Continuing a discussion on @genderlogindia after this post of mine, there was a discussion on the 'real women' in Bollywood - who seem to be in short supply. I immediately indulged in my favourite pastime - Bollywood research - and looked at the top 10 grossers for each year, going back about forty years. In about 400 films, I found about twenty films in which the lead actress was 'real' and yet a 'heroine'. That is to say, I did not consider Rohini Hattangadi in Saaransh or Rani Mukherji in Talaash. They were – of course – very real but not really heroines. I also avoided characters who were differently abled or suffering from a disease (Priyanka Chopra in Barfi, for example).
Then, I sat and cribbed about my favourite ‘real women’ who are from very successful films even though they are not among the top 10 blockbusters of a given year. To solve this dilemma, I fell back on the usual awards night trick. I created two lists – one popular and one critic’s choice.
And here they come...
Popular Choice Real Women
Deepika Padukone (Love Aaj Kal) – She was indecisive. She was impulsive. She was career focused. She had a heart of gold. She was also selfish. She was completely real, except for her legs. They seemed to have come from some mythical land of milk and honey.
Priyanka Chopra (Kaminey) – A gangster’s sister, she was the regular Maharashtrian girl with a silly name (Sweety) and a sillier boyfriend (Shahid Kapoor). She danced at her own wedding like a filmy heroine but her steps weren’t choreographed and had a charm of their own. She got her boyfriend to take condoms on an overnight trip but abandoned them when the going got too hot.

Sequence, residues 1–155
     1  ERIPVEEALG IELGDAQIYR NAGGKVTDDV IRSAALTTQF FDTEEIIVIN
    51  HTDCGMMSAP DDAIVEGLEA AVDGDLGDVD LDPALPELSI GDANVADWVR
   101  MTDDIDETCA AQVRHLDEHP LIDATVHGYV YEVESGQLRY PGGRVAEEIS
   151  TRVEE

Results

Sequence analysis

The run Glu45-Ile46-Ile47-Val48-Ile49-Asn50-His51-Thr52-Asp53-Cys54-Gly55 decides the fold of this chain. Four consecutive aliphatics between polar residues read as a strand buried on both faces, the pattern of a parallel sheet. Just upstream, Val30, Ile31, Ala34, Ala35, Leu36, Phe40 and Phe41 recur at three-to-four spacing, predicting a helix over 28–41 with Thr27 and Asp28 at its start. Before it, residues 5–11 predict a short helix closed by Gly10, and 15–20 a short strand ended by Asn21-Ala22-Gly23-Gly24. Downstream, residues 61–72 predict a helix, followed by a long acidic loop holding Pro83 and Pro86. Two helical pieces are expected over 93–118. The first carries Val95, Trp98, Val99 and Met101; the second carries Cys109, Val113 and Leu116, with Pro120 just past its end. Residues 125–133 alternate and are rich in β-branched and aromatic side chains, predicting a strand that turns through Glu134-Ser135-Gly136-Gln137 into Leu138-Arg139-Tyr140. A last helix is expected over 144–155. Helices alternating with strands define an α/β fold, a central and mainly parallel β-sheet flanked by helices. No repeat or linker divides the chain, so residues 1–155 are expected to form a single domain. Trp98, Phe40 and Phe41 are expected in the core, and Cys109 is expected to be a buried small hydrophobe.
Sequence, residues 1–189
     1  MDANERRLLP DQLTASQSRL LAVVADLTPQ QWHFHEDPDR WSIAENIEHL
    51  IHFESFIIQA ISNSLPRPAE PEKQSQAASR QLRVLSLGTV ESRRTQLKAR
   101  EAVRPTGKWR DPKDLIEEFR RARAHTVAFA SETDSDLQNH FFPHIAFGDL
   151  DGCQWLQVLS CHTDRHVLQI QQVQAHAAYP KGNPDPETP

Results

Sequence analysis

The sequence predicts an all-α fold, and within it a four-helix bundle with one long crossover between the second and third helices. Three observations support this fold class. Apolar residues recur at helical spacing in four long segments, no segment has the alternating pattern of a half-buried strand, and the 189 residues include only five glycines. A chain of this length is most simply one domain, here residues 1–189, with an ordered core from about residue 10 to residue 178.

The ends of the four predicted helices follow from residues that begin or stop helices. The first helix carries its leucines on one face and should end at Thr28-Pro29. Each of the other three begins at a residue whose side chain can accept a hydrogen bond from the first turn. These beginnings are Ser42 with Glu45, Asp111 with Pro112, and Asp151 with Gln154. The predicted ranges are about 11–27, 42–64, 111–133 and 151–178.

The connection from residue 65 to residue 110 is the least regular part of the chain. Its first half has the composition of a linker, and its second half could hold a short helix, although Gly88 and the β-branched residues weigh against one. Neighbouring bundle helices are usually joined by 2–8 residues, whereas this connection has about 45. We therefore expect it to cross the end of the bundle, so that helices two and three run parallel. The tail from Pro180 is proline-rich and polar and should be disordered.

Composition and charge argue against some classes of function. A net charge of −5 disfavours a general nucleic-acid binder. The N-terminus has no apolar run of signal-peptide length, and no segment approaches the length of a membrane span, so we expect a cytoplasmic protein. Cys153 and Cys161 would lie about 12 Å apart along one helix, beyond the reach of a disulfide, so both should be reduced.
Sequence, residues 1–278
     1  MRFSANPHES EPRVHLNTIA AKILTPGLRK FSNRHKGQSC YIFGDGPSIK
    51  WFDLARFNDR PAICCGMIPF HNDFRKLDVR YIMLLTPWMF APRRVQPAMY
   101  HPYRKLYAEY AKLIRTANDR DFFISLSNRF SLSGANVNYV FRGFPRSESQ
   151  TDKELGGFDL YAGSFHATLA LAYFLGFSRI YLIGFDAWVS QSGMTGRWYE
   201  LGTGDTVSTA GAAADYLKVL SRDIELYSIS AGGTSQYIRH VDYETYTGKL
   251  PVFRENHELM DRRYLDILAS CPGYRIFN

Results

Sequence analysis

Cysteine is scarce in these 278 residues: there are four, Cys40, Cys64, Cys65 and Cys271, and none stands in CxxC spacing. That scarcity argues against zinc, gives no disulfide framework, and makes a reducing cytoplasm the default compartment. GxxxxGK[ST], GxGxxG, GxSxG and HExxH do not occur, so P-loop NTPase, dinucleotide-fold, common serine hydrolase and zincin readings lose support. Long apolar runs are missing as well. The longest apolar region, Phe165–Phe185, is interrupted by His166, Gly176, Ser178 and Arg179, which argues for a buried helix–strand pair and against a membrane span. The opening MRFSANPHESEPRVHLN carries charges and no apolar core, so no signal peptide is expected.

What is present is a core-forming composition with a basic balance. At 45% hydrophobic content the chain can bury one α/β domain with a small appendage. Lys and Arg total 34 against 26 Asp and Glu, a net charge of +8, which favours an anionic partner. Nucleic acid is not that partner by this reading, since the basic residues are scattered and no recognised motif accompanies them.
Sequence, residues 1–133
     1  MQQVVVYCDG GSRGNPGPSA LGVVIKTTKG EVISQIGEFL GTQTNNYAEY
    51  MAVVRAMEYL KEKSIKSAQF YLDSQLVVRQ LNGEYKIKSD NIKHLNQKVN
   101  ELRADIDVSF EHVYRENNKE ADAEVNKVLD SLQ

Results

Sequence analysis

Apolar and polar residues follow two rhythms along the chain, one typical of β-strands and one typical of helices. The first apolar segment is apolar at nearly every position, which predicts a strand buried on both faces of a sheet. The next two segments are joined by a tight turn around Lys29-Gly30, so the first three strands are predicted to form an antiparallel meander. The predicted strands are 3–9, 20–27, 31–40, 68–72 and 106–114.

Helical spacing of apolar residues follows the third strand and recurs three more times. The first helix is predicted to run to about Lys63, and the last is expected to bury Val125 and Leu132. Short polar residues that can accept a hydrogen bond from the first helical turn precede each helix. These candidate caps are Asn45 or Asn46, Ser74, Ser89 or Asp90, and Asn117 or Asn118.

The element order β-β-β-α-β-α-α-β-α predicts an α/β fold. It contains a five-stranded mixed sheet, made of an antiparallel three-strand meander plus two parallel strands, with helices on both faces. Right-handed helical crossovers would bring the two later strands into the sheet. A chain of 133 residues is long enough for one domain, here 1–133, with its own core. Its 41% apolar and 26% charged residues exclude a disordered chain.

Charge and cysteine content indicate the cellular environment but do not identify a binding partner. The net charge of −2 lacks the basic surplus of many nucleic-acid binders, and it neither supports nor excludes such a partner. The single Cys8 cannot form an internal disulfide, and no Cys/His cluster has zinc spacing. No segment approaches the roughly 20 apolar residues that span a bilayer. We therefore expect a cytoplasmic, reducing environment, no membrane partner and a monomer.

16 Heroines (Chak De India) – Hailing from different parts of India, these girls brought the smell of sweat and dirt with them. They wore no makeup. They got angry when their careers were ignored. They got determined when their honour was at stake. They were jealous, naughty, defiant, combative, strong-willed and – when you look carefully – breathtakingly beautiful.
Aishwarya Rai (Guru) – The Gujarati village girl transformed with her husband. She was his business partner and calmly stepped forward to take responsibilities when a crisis arose. She was there at parties, shareholder meetings and courtrooms. She was his force whether he was out fighting corporate battles or medical ones. In other words, she was his Shakti.
Manisha Koirala (Company) – I haven’t seen a gangster’s moll. Then how do I know Manisha was realistic? I saw her as the busy boss’ wife in a corporate wife. She had nothing to do. She was bored. She was into mild substance abuse. And he suffered the minions politely and with a smile. She liked some of them and tried to patch up when differences arose but had to give up, since she was always on the periphery.
Preity Zinta (Dil Chahta Hai) – An orphan caught in a near-abusive relationship looked for companionship and found a cocky lout instead. But she didn’t let his smart-alecky burst her dreamy notions of romantic love nor did she lose her dignity with her boorish boyfriend. She handled both relationships maturely – like real women do.
Juhi Chawla (Qayamat Se Qayamat Tak) – In an unreal world of death before dishonour, she was the breath of fresh air. She was a college girl who went on picnics, got lost in forests while trekking, took pictures of handsome strangers and was bashfully forthright about her feelings for handsome strangers.